The Yanks have a good rotation to make it to the playoffs- but they do NOT have a good rotation to get them through the playoffs against good teams. The back three pitchers are nothing to hang your hat on in the postseason. Lee, with CC and Pettite would give them that “Iron Three” that could each pitch twice in most series. I really think Pettite will be gassed by that point as well.

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    • lee d says:

      exactly how i see it

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    • CircleChange11 says:

      I don;t think the NYY are counting on their rotation to carry them through the playoffs, as say, StL was doing with Wainwright and Carpenter.

      I hear the NYY have some pretty good hitters up and down their lineup, so they probably aren’t expecting their starters to hold their opponents to a run or 2.

      It’s like poker, having a bunch of face cards doesn’t gurantee you having a winning hand, but it sure does swing the odds in your favor in a big way.

      Whern you acquire 2 or so of the top free agents every year, that puts you in a unique situation. As I said previously, I don;t see how they haven’t won more titles than they have.

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    • pounded clown says:

      This is just bar talk meaning take with a grain of salt as passing conversation between two baseball fans. When you think Yankees where does your mind go. The Bronx Bombers not the Small Balling Spitfires. Not to say they haven’t had great pitchers but for the most part they have beaten teams into submission with a stacked line-up. That said Evil AJ seems to be toeing the rubber these days so another starter might be necessary, however a solid number 2 would suffice.

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  7. Phantom Stranger says:

    By trading for Cliff Lee now, they also guarantee they do not have to face him from another contender in this year’s playoffs. Adding Cliff Lee now increases their probability to make it to the World Series this year.

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  8. Tom says:

    What’s really terrifying about this is that Cashman finally realized that it didn’t make sense to not use the Yankees greatest strength — their ability to carry a way higher payroll than any other team. It never really made sense for the Yankees to hang on to prospects when they could instead just sign the best free agent available. Why bother hanging on to Phil Hughes when you could have Johan Santana and if Hughes turns out to be good they could just sign him when he became a free agent. In effect, they could make the rest of the majors their own farm system.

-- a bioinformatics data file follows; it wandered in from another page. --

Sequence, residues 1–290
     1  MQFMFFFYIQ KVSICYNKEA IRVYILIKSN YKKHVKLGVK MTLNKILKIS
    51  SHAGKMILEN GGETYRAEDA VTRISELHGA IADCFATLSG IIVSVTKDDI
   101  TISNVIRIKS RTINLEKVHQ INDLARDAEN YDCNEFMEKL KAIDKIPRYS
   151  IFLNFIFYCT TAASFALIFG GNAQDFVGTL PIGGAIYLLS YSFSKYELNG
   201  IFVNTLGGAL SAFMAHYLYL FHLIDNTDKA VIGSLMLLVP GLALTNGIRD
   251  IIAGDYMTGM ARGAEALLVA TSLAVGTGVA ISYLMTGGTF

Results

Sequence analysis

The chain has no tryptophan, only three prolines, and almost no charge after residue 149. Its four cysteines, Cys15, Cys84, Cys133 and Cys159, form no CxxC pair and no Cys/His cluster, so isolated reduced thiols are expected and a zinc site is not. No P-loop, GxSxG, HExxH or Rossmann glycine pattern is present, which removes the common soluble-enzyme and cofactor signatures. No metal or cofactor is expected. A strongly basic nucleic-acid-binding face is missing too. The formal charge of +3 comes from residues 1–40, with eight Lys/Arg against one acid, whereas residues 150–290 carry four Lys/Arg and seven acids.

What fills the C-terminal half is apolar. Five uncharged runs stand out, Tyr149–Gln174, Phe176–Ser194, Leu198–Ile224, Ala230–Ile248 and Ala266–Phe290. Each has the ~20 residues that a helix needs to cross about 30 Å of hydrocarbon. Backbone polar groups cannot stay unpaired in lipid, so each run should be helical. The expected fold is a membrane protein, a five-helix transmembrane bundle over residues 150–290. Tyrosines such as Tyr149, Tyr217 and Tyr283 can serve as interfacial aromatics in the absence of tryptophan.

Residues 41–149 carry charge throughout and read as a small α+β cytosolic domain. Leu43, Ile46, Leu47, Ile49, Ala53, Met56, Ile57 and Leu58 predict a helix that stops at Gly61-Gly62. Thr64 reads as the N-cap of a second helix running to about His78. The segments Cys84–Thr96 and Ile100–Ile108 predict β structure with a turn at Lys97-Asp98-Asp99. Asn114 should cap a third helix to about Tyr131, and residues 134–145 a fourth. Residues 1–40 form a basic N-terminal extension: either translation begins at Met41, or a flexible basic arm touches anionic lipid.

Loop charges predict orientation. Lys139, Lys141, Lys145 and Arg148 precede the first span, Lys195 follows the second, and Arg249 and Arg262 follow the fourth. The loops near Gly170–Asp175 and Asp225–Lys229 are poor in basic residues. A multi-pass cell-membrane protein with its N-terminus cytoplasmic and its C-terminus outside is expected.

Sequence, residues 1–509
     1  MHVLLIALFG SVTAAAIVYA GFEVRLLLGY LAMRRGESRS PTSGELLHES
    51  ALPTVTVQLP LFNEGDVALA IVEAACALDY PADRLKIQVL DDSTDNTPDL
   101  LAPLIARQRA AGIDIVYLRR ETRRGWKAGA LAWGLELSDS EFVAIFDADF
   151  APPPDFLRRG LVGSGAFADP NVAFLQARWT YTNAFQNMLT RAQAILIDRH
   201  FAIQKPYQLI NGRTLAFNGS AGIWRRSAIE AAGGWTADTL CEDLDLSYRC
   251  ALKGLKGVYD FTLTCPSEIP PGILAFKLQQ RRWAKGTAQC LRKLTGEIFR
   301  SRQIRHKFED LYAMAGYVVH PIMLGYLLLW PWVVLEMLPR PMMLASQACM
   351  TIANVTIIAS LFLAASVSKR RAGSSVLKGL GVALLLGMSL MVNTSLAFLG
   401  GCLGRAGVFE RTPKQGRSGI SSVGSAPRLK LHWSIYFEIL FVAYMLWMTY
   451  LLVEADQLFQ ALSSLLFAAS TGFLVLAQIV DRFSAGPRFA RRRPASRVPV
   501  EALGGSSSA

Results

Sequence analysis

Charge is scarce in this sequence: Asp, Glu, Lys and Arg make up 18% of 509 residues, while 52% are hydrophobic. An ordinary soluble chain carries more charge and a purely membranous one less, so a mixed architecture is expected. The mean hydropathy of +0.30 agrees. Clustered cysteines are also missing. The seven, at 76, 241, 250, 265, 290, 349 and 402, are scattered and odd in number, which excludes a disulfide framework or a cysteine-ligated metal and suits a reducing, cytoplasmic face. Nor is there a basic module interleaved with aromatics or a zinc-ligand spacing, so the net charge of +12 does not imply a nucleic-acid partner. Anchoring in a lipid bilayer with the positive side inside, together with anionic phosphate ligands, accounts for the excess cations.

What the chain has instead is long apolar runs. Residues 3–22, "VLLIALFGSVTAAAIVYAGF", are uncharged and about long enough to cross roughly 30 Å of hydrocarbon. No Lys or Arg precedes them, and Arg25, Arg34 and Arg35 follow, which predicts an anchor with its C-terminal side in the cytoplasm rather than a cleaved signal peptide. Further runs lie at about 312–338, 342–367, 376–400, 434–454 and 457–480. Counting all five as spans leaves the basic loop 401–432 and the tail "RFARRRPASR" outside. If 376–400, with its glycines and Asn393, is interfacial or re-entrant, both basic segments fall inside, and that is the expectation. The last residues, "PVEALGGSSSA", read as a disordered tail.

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    • kiluckzle says:

      They’ve been doing that for a while. Obviously, not a bad strategy when there is no payroll worries.

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      • Tom says:

        Actually they haven’t been doing it. They had to the chance to trade for Johan Santana and didn’t do it because they didn’t want to surrender Phil Hughes. Not did they attempt to trade for Miguel Cabrera after the 2007 season. Cashman finally got smart the last offseason and signed the best two free agents (Teixeira and Sabathia) but also wasted money on Burnett (who they wouldn’t have needed if they traded for Santana).

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      • Brian says:

        I thought they had cleared enough cap space for LeBron, DWADE, and Bosh as well since salary caps are so important.

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    • CircleChange11 says:

      That started when the bought Babe Rith so another owner could stay in business.

      That’s old hat for the NYY, and it really thrived in the Golden era, when the only way other teams could compete was to sign talent out of the negro leagues.

      NYY is in a very unique situation. While I complain about it, it certainly would be stupid for the to self-impose limits that would hurt their application of their biggest advantage (20M people in a wealthy area with great baseball tradition).

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    • Briks says:

      You realize Hughes is better than Santana and makes about 1/20 the money? That would have been a terrible trade.

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      • Tom says:

        Hughes is better than Santana? When exactly? Certainly not in 2008 or 2009 and not this year either. And who cares that his salary is $20m less than Santana’s? Certainly not the Yankees given that they would have been the odds on favorite to win the WS in 2008.